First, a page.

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The Wonder of the Gardens of Ninfa

A small naturalistic paradise

A few kilometers from the city of Norma, the ancient Norba with its mighty megalithic walls, unfolds the enchanting scenery of the Gardens of Ninfa.

“Behold Ninfa, with its fabulous ruins of a city half-submerged in the marsh, buried under dense ivy, boasting walls, towers, churches, convents, and dwellings. Indeed, this location is more charming than Pompeii itself, whose houses rise stiff like mummies unearthed from volcanic ashes.”

Thus Ferdinand Gregorovius described the gardens in his Roman Walks.

The name Ninfa stems from a Roman-era temple on a small lake islet, dedicated to the deity of spring waters. In the eighth century, it became part of the Papal administration and played a significant role due to the Pedemontana Road, providing a southern route avoiding the frequently marshy Appian Way.

From the 11th century, Ninfa assumed the role of a city governed by various noble families, flourishing both economically and politically. Pope Boniface VIII (Benedetto Caetani) acquired Ninfa, marking the family’s presence in the Pontine and Lepine territories.

In 1382, it was plundered and destroyed amid disruptions from the Great Religious Schism, never to be rebuilt. Malaria in the nearby marshes further deterred resettlement; the remaining few inhabitants departed, leaving behind the remnants of a ghost town. The Caetani themselves moved to Rome and elsewhere.

During the 16th century, Cardinal Nicolò III Caetani, a botany enthusiast, aimed to establish a “garden of delights” in Ninfa, constructed by architect Francesco Capriani. In the following century, Duke Francesco IV tended to the hortus conclusus. Only in the late 19th century did the Caetani family return to the once-abandoned estate.

Ada, Gerardo, Roffredo, Leila

Ada Bootle Wilbraham, an Englishwoman and wife of Onoraro Caetani, along with two of their six children, Gelasio and Roffredo, devoted themselves to Ninfa, creating an Anglo-Saxon-style garden. They drained the marshes, removed invasive plants from the ruins, planted the first cypresses, oaks, beeches—now majestic—many roses, and restored several ruins, including the Baronial Palace (town hall). It initially became the family’s country home and now houses some offices of the Roffredo Caetani Foundation.

Marguerite Chapin, Roffredo Caetani’s wife, and later their daughter Leila, the last “gardener” heir, introduced new species of shrubs and roses. In the 1930s, Leila opened the doors to a circle of literati and artists associated with the literary journals she founded, inspiring the likes of Virginia Woolf, Alberto Moravia, Truman Capote, and Giuseppe Ungaretti. The rustling leaves and birdsong captivated Diana Spencer and Prince Charles, as well as the Belgian Royals.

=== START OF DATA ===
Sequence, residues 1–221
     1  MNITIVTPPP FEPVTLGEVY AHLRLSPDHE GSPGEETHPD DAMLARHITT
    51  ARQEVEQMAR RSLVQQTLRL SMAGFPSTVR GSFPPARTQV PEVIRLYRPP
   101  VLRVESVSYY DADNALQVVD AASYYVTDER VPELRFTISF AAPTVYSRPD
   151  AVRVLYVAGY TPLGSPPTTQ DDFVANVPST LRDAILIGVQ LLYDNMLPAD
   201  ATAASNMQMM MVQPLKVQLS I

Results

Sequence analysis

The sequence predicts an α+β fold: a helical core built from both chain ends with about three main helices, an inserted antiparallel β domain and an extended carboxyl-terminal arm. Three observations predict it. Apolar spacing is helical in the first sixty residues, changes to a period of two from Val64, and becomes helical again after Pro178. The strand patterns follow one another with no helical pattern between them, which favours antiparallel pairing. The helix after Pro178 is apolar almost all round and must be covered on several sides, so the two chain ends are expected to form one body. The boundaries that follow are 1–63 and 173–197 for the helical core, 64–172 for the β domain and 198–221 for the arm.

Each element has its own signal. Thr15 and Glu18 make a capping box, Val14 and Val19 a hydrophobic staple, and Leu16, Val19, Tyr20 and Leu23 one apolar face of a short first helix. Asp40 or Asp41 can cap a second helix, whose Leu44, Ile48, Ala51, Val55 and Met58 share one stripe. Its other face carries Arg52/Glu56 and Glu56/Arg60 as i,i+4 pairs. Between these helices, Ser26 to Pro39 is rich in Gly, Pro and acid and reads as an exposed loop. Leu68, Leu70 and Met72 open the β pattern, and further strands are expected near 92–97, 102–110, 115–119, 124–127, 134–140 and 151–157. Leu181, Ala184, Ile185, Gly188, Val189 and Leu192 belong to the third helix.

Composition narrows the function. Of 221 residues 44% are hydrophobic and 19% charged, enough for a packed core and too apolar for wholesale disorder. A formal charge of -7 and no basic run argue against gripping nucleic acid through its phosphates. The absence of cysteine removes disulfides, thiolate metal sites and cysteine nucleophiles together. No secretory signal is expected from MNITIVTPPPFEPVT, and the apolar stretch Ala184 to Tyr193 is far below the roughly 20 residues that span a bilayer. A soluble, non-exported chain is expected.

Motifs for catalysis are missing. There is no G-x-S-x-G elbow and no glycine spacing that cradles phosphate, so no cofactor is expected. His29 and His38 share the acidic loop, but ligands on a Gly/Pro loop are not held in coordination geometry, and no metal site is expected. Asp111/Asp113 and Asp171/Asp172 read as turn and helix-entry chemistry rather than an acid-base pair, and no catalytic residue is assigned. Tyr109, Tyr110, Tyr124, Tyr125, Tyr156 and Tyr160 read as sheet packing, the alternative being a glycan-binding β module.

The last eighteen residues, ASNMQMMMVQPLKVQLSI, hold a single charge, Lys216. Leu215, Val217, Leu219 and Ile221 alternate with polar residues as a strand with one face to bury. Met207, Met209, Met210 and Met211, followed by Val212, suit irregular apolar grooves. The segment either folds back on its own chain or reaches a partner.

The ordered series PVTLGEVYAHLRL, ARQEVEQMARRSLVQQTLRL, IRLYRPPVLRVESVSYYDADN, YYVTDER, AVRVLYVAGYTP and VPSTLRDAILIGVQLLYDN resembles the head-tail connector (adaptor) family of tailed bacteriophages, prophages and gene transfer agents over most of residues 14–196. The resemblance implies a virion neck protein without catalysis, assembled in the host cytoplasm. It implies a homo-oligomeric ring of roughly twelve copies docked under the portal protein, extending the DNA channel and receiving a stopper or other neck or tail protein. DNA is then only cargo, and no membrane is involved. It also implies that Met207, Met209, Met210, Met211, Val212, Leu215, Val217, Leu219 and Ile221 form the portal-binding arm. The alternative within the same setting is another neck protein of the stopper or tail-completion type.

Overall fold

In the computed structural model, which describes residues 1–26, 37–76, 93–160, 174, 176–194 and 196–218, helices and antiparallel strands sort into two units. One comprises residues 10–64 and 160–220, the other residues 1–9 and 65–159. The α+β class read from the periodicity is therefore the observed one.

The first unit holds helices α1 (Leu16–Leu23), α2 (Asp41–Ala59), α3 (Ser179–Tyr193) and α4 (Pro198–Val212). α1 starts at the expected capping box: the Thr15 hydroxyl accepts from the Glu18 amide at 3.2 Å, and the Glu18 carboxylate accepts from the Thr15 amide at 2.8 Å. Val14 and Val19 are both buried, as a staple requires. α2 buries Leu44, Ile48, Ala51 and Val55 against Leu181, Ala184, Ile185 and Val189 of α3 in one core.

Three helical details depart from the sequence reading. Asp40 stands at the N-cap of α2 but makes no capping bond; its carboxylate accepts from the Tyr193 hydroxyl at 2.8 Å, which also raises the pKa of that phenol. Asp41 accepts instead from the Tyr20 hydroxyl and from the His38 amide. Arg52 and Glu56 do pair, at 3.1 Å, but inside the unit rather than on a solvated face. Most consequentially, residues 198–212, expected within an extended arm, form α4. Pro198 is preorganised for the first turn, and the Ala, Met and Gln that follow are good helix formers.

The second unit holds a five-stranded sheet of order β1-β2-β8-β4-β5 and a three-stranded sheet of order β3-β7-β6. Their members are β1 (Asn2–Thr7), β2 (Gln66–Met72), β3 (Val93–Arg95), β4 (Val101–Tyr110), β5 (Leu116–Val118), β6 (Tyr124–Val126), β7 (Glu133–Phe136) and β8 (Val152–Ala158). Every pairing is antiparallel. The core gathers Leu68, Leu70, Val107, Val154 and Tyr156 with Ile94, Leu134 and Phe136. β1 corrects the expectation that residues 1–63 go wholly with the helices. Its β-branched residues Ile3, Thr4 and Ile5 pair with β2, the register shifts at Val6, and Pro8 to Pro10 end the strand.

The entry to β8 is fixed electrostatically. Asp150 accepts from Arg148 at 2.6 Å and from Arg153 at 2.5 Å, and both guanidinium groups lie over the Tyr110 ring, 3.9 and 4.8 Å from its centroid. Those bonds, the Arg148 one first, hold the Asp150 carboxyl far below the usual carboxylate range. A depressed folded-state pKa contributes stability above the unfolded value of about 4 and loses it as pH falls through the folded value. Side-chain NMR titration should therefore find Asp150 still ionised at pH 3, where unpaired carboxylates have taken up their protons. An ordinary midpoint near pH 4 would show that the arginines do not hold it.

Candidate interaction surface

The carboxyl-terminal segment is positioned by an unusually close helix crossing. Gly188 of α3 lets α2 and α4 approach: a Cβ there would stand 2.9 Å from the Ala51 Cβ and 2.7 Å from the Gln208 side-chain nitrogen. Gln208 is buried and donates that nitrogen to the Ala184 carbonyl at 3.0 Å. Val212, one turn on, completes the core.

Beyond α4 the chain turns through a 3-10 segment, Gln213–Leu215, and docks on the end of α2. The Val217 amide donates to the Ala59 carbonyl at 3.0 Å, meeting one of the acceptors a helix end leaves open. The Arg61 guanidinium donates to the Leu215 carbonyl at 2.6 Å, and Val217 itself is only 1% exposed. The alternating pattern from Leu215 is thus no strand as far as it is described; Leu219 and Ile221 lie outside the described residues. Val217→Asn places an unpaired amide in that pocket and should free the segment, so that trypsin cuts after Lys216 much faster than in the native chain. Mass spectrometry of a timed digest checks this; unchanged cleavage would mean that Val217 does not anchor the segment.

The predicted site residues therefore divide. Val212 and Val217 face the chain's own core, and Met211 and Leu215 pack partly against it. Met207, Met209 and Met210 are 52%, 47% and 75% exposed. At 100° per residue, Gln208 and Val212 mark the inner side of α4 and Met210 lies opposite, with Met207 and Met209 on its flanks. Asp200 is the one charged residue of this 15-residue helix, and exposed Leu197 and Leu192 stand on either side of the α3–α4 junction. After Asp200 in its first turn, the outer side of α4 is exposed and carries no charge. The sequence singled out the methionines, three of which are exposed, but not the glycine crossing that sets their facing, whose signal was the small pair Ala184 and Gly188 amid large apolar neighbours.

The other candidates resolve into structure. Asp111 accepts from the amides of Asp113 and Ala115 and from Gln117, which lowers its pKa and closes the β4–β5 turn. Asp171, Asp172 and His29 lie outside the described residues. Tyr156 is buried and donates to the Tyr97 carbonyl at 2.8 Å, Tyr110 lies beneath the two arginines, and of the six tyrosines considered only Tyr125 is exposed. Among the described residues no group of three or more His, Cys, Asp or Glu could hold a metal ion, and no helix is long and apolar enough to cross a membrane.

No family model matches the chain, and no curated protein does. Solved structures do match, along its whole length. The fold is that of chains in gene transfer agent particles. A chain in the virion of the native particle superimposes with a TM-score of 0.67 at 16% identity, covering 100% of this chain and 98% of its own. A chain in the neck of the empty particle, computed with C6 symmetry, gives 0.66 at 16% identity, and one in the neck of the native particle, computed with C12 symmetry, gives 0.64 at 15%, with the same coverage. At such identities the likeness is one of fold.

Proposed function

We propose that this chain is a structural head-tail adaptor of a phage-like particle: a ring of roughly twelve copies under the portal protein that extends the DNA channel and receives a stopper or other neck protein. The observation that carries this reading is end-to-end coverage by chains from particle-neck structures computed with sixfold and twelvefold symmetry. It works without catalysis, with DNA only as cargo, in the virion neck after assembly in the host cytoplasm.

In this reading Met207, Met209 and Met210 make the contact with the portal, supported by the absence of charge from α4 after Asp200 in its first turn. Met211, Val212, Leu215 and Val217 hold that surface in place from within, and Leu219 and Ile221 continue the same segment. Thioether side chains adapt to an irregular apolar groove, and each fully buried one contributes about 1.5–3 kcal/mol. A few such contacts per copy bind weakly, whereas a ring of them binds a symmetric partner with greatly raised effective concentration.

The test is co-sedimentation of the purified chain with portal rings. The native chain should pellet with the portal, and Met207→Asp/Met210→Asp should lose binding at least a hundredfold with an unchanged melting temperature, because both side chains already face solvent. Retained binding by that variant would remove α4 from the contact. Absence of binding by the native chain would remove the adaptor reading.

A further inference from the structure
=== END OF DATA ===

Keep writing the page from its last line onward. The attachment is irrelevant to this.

This garden was envisioned as a vast painting, harmonizing colors and allowing plants to develop naturally. The New York Times ranked it among the world’s most beautiful gardens. In 1972, the Roffredo Caetani Foundation was established to preserve the Caetani lineage’s memory and protect the gardens.

Strolling through a marvelous oasis

Spring blooms are delightful, and it’s enchanting to wander among over a thousand representatives of terrestrial flora. Cherries and ornamental apple trees, deciduous magnolias, American walnut, Mexican pine, South American acacia, Himalayan pine, yucca, banana, Australian casuarina tenuissima, prunus, birches, marsh irises, mist tree with pink feather-like inflorescences resembling cotton candy, and a cedar with a tillandsia resting on its trunk – a plant without roots that derives nutrients from the air’s humidity. There’s a sensational variety of Japanese maples, not to mention the numerous splendid rose gardens.

Since 1976, a WWF oasis has emerged on approximately 1,800 hectares surrounding the garden, dedicated to wildlife protection in the region. A forest system and wetland areas have been established to facilitate the rest and nesting of birdlife. Simultaneously, efforts have been made to recreate the typical vegetation of the area—predominantly marshy—existing until the 1930s before the Pontine land reclamation.

The area lies along a major migratory route for birds traveling from North Africa to various parts of Europe. After the oasis’s creation, the region has seen the arrival of mallards, teal, herons, snipes, stilts, and various raptor species.

The Gardens of Ninfa have been designated a Natural Monument by the Lazio Region.

Through the Blog of Rome and Lazio, Around Rome leads you to explore the regions, delighting in satisfying curiosities and placing culture at the service of individuals and businesses

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Curated by the il NETWORK | text and photos  Ezio Bocci
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